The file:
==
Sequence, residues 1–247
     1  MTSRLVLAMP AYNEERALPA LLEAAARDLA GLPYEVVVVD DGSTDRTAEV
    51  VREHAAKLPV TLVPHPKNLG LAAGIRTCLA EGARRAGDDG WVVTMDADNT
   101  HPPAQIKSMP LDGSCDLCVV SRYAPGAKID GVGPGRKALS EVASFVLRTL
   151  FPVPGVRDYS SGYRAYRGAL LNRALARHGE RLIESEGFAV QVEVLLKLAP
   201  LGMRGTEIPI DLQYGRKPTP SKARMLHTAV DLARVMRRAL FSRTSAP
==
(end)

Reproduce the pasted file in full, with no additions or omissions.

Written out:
Sequence, residues 1–247
     1  MTSRLVLAMP AYNEERALPA LLEAAARDLA GLPYEVVVVD DGSTDRTAEV
    51  VREHAAKLPV TLVPHPKNLG LAAGIRTCLA EGARRAGDDG WVVTMDADNT
   101  HPPAQIKSMP LDGSCDLCVV SRYAPGAKID GVGPGRKALS EVASFVLRTL
   151  FPVPGVRDYS SGYRAYRGAL LNRALARHGE RLIESEGFAV QVEVLLKLAP
   201  LGMRGTEIPI DLQYGRKPTP SKARMLHTAV DLARVMRRAL FSRTSAP